Scotch Pine, White Pine, and Balsam Fir are our area’s most popular and best performing Christmas trees.
How to Care for a Live Christmas Tree
Christmas trees can last from 3 to 5 weeks as long as they are well cared for. But it’s not complicated. Let’s cover the bases on how to store, thaw , and keep real Christmas trees hydrated.
How to Store a Live Christmas Tree Until You’re Ready for It
Store your live Christmas tree outdoors until you are ready to decorate it. It’s okay for the tree to stay frozen until then, but keep it sheltered and out of the sun and the wind. A frozen tree will not need any water. If you are storing your live Christmas tree somewhere above freezing temperatures, keep it out of the sun and wind. Also, keep it bundled and wrapped, and place it in a bucket of clear, fresh water to rehydrate as it thaws.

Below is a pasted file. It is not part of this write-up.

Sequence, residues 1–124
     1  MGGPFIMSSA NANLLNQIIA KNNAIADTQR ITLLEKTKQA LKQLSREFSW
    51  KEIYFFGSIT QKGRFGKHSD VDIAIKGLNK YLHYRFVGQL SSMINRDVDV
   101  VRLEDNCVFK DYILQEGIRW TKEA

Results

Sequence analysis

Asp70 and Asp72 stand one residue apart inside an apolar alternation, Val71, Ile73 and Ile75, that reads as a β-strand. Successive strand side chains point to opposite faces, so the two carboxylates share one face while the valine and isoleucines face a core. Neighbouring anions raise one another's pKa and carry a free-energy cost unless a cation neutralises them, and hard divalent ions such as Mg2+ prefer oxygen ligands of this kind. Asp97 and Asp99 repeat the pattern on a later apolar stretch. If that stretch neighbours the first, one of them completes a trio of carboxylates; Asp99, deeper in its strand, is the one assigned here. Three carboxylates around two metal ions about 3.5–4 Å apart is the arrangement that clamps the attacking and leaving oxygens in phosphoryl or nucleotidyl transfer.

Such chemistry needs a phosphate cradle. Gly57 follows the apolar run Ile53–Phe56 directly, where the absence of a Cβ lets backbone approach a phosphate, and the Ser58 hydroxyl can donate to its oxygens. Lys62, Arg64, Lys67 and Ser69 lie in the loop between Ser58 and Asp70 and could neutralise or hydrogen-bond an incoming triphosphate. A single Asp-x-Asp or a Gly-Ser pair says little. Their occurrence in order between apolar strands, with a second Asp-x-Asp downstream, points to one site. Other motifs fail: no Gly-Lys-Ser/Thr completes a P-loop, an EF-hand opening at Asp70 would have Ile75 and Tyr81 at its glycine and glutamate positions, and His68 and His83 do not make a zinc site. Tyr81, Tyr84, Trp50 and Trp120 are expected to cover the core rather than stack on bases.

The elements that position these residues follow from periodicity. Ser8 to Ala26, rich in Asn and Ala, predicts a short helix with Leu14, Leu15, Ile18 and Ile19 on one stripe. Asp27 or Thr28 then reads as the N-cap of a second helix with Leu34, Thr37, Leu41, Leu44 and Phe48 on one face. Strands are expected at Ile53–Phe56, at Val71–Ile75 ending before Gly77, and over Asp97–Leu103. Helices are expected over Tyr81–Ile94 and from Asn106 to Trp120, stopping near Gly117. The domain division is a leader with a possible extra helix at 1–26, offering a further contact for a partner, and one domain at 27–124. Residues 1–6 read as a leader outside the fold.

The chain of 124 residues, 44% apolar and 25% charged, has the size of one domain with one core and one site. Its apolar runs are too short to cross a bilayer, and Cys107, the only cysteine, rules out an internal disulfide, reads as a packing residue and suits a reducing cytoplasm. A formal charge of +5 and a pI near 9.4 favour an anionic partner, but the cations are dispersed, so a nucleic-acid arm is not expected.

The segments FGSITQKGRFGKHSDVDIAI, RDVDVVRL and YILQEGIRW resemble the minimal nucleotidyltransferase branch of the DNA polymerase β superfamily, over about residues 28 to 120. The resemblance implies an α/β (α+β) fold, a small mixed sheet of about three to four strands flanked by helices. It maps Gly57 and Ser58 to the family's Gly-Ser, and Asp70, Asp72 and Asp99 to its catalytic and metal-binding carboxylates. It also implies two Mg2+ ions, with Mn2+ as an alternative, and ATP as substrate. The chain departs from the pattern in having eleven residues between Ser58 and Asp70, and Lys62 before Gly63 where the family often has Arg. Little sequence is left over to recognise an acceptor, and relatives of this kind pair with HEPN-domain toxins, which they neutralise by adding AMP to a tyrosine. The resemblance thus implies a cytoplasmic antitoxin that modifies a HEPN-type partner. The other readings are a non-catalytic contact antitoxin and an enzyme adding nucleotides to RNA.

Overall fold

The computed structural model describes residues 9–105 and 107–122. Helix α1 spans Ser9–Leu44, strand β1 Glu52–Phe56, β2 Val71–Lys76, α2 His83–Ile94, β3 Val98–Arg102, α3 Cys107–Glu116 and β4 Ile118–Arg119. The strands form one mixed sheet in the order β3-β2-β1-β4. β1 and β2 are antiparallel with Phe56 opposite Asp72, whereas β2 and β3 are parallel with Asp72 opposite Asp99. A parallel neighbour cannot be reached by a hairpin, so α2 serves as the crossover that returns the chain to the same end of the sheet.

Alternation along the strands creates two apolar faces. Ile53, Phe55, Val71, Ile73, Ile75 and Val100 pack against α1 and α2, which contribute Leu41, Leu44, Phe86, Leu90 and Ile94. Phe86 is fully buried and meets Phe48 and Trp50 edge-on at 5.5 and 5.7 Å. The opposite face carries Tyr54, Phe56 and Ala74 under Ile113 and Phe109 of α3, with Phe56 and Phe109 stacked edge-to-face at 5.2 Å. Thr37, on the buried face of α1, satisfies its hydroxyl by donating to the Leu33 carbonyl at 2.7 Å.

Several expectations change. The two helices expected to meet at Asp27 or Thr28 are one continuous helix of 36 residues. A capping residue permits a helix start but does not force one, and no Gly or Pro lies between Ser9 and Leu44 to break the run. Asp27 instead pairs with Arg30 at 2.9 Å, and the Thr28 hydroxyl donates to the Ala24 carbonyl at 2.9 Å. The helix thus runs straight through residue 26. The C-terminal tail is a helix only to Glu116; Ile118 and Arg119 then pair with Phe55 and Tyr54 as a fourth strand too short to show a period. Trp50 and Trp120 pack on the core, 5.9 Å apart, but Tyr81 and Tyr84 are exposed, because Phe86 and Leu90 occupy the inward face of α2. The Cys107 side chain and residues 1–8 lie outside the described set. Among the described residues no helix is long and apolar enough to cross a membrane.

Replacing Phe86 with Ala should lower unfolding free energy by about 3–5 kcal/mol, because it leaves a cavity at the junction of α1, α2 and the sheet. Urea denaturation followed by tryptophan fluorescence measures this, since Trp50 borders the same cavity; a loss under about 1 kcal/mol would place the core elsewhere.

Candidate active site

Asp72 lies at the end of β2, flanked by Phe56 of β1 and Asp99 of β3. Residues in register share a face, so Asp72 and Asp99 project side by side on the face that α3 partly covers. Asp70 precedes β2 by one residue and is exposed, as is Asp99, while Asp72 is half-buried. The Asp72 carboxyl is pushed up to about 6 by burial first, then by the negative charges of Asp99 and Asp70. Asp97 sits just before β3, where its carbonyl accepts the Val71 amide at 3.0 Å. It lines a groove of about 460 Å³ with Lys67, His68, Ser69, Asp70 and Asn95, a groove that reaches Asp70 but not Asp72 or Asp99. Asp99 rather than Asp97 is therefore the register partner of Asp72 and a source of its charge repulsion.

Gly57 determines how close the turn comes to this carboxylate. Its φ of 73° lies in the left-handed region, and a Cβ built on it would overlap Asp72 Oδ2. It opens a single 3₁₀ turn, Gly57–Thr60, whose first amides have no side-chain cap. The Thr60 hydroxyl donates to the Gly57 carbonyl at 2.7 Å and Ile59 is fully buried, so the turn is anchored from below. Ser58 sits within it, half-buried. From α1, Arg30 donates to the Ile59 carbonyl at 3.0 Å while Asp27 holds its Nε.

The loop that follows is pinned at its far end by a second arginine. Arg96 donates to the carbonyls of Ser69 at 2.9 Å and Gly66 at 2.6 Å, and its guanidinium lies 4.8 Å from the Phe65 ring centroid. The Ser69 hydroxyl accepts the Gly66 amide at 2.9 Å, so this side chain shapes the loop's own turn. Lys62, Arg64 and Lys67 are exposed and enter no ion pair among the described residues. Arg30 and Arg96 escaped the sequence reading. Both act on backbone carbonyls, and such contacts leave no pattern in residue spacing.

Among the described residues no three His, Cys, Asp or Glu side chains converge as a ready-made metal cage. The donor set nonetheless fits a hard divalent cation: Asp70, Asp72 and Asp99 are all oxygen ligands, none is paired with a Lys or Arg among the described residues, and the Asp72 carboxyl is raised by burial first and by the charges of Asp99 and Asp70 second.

How to Thaw a Frozen Christmas Tree
When you are ready to thaw your live Christmas tree, plan ahead and stay patient with the process.
- The first thing to do before bringing your tree indoors is to check that your Christmas tree stand is the right one for your tree. The guideline is 1 litre of water per inch (2.5 cm) of stem diameter per day. A tree with a 4 inch (10 cm) stem diameter will need 4 litres of water each day.
- Allow your real Christmas tree to thaw slowly and gently. Give your tree at least 24 hours to acclimate to its new surroundings. If your Christmas tree is wrapped or bundled, wait until you have cut the stump (described next) to gently unwrap it.
- Give the Christmas tree stump a clean, fresh cut. Make a new, clean cut off the stump with a saw, taking 1/2-1 inch (2-3 cm) off the base. This cut will open the pores that have been sealed by solidified pitch or sap. Place the newly cut bottom in a bucket of water that holds at least 4 litres or 1 gallon of water. It will drink a lot of water at first as the tree rehydrates. Check the water level twice daily for the first few days.